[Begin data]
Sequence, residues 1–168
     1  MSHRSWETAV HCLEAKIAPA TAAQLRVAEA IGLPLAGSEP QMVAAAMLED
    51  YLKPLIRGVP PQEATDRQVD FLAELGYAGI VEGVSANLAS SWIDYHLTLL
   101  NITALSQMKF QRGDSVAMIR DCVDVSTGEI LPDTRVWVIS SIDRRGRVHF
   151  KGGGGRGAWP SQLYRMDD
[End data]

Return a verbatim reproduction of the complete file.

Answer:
Sequence, residues 1–168
     1  MSHRSWETAV HCLEAKIAPA TAAQLRVAEA IGLPLAGSEP QMVAAAMLED
    51  YLKPLIRGVP PQEATDRQVD FLAELGYAGI VEGVSANLAS SWIDYHLTLL
   101  NITALSQMKF QRGDSVAMIR DCVDVSTGEI LPDTRVWVIS SIDRRGRVHF
   151  KGGGGRGAWP SQLYRMDD